by Staff Writers
Los Angeles CA (SPX) Apr 03, 2012
Imagine being able to use electricity to power your car - even if it's not an electric vehicle. Researchers at the UCLA Henry Samueli School of Engineering and Applied Science have for the first time demonstrated a method for converting carbon dioxide into liquid fuel isobutanol using electricity.
Today, electrical energy generated by various methods is still difficult to store efficiently. Chemical batteries, hydraulic pumping and water splitting suffer from low energy-density storage or incompatibility with current transportation infrastructure.
In a study published March 30 in the journal Science, James Liao, UCLA's Ralph M. Parsons Foundation Chair in Chemical Engineering, and his team report a method for storing electrical energy as chemical energy in higher alcohols, which can be used as liquid transportation fuels.
"The current way to store electricity is with lithium ion batteries, in which the density is low, but when you store it in liquid fuel, the density could actually be very high," Liao said. "In addition, we have the potential to use electricity as transportation fuel without needing to change current infrastructure."
Liao and his team genetically engineered a lithoautotrophic microorganism known as Ralstonia eutropha H16 to produce isobutanol and 3-methyl-1-butanol in an electro-bioreactor using carbon dioxide as the sole carbon source and electricity as the sole energy input.
Photosynthesis is the process of converting light energy to chemical energy and storing it in the bonds of sugar. There are two parts to photosynthesis - a light reaction and a dark reaction. The light reaction converts light energy to chemical energy and must take place in the light. The dark reaction, which converts CO2 to sugar, doesn't directly need light to occur.
"We've been able to separate the light reaction from the dark reaction and instead of using biological photosynthesis, we are using solar panels to convert the sunlight to electrical energy, then to a chemical intermediate, and using that to power carbon dioxide fixation to produce the fuel," Liao said. "This method could be more efficient than the biological system."
Liao explained that with biological systems, the plants used require large areas of agricultural land. However, because Liao's method does not require the light and dark reactions to take place together, solar panels, for example, can be built in the desert or on rooftops.
Theoretically, the hydrogen generated by solar electricity can drive CO2 conversion in lithoautotrophic microorganisms engineered to synthesize high-energy density liquid fuels. But the low solubility, low mass-transfer rate and the safety issues surrounding hydrogen limit the efficiency and scalability of such processes. Instead Liao's team found formic acid to be a favorable substitute and efficient energy carrier.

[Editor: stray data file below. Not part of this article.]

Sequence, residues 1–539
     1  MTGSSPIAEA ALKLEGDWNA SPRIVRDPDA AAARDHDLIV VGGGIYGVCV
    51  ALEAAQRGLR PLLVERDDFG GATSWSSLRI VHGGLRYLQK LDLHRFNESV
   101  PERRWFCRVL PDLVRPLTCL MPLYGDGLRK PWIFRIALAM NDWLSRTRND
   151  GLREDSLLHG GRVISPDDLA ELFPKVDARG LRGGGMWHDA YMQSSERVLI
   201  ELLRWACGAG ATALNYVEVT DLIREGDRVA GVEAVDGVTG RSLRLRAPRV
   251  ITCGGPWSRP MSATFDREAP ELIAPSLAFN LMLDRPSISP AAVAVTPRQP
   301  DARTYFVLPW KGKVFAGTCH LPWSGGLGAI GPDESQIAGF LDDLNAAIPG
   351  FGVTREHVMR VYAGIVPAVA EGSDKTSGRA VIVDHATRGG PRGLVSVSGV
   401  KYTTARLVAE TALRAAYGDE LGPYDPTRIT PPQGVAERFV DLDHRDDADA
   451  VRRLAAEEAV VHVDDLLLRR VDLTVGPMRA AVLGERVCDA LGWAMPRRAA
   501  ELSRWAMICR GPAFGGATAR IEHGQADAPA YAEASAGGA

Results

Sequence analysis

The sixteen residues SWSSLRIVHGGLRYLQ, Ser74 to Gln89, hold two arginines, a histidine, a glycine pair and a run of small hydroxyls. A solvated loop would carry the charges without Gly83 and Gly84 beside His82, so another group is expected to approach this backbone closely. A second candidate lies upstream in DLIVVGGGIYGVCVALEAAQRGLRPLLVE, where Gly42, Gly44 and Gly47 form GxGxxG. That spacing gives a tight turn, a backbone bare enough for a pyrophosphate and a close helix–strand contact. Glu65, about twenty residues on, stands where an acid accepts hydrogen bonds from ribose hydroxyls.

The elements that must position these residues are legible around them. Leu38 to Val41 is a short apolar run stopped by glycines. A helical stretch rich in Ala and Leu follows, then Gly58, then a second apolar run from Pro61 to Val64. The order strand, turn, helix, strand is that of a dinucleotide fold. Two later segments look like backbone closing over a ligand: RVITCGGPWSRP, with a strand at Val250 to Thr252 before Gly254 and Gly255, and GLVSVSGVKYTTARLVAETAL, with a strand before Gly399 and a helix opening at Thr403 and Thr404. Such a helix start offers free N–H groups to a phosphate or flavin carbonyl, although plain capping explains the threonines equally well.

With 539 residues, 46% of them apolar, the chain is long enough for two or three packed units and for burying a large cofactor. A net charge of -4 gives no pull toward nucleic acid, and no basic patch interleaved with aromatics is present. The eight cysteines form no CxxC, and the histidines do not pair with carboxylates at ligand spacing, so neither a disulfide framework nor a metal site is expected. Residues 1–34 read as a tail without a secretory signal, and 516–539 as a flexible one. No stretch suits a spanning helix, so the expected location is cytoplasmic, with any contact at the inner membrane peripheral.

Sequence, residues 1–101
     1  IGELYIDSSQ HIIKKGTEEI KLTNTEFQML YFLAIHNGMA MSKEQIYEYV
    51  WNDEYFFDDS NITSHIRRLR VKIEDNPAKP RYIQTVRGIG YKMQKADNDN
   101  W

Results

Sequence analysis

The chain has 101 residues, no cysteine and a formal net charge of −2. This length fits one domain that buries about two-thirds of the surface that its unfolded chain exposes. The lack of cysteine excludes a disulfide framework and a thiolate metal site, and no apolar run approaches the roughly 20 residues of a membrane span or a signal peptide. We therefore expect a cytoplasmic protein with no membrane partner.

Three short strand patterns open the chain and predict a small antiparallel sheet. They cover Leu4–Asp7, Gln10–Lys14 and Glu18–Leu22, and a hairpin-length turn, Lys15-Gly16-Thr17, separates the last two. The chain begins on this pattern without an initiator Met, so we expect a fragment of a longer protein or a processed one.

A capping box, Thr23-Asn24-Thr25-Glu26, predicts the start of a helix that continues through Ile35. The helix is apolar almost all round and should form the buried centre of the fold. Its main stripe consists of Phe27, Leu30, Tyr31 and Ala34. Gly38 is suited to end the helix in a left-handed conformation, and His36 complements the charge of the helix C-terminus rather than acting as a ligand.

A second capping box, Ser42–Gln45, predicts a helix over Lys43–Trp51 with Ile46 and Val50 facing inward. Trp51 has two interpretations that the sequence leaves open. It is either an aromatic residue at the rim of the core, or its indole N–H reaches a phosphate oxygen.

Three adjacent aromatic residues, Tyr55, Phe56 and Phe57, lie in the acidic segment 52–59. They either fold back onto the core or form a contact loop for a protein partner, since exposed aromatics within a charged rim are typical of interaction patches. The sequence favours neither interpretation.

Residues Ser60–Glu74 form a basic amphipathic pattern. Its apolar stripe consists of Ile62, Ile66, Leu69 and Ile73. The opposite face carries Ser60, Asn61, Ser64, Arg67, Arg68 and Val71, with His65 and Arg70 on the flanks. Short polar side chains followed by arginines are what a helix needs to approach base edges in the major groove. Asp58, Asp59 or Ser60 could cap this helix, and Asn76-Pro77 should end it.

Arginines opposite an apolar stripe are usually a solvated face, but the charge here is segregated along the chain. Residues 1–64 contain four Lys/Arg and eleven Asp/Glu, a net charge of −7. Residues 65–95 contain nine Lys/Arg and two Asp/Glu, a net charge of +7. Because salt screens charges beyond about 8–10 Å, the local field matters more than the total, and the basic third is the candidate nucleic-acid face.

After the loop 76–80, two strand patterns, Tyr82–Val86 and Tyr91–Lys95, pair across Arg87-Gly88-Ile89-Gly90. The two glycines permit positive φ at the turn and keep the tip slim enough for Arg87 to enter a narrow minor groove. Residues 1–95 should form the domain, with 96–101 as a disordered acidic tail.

"Instead of using hydrogen, we use formic acid as the intermediary," Liao said. "We use electricity to generate formic acid and then use the formic acid to power the CO2 fixation in bacteria in the dark to produce isobutanol and higher alcohols."
The electrochemical formate production and the biological CO2 fixation and higher alcohol synthesis now open up the possibility of electricity-driven bioconversion of CO2 to a variety of chemicals. In addition, the transformation of formate into liquid fuel will also play an important role in the biomass refinery process, according to Liao.
"We've demonstrated the principle, and now we think we can scale up," he said. "That's our next step."
University of California - Los Angeles
Powering The World in the 21st Century at Energy-Daily.com
Comment on this article via your Facebook, Yahoo, AOL, Hotmail login.
AllCell White Paper Finds Lithium Ion Battery Costs Beat Lead Acid in Hot Environments
Chicago IL (SPX) Mar 30, 2012
AllCell Technologies has released a white paper comparing the economics of lithium-ion and lead acid batteries for stationary energy storage systems (ESS). Even though the initial purchase price of lead acid batteries is one-fifth the price of lithium-ion, when analyzed on a full life-cycle basis lithium-ion batteries are now cost-competitive in moderate climates and lower cost in hot climates. ... read more
|The content herein, unless otherwise known to be public domain, are Copyright 1995-2012 - Space Media Network. AFP, UPI and IANS news wire stories are copyright Agence France-Presse, United Press International and Indo-Asia News Service. ESA Portal Reports are copyright European Space Agency. All NASA sourced material is public domain. Additional copyrights may apply in whole or part to other bona fide parties. Advertising does not imply endorsement,agreement or approval of any opinions, statements or information provided by Space Media Network on any Web page published or hosted by Space Media Network. Privacy Statement|